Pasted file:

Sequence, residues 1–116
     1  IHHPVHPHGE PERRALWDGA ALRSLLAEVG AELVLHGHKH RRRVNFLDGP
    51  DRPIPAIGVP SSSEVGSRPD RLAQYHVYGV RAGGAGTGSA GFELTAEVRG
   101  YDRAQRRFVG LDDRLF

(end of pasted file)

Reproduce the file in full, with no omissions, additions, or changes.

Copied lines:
Sequence, residues 1–116
     1  IHHPVHPHGE PERRALWDGA ALRSLLAEVG AELVLHGHKH RRRVNFLDGP
    51  DRPIPAIGVP SSSEVGSRPD RLAQYHVYGV RAGGAGTGSA GFELTAEVRG
   101  YDRAQRRFVG LDDRLF